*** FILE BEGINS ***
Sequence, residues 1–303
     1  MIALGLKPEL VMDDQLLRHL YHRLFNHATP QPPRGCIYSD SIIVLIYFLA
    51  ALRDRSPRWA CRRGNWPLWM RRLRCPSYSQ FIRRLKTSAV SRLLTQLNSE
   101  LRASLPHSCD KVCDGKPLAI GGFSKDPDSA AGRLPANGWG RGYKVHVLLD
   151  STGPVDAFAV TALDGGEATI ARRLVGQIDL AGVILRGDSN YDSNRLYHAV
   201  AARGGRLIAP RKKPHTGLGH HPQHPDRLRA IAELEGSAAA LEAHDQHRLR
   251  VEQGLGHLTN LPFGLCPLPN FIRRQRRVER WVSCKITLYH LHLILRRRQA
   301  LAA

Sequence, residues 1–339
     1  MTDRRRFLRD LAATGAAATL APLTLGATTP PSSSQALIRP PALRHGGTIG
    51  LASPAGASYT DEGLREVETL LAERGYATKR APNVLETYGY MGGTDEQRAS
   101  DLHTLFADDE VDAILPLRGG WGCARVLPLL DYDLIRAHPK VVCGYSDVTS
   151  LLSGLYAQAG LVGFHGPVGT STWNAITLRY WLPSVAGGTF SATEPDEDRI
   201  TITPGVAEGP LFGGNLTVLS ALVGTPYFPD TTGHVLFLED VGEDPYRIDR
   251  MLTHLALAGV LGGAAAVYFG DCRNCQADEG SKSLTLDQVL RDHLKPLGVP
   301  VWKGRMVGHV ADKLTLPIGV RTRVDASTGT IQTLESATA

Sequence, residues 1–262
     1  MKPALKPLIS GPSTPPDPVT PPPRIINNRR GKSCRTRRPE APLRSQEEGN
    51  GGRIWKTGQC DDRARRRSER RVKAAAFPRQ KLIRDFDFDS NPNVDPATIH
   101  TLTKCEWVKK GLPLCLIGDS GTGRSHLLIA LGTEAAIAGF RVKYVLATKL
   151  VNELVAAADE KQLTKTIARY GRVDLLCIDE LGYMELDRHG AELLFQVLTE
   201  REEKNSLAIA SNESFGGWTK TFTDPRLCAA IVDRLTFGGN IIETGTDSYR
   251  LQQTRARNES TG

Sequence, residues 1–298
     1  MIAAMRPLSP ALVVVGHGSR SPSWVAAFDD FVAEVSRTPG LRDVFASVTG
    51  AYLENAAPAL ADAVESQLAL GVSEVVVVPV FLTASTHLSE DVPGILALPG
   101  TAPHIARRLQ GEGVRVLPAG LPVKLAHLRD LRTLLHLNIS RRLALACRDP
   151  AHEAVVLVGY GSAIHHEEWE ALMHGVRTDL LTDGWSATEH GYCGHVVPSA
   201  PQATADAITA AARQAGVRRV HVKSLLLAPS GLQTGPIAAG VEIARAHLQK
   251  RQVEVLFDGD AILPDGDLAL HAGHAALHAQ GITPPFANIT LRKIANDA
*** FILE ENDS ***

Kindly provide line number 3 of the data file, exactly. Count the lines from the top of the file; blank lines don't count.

    51  ALRDRSPRWA CRRGNWPLWM RRLRCPSYSQ FIRRLKTSAV SRLLTQLNSE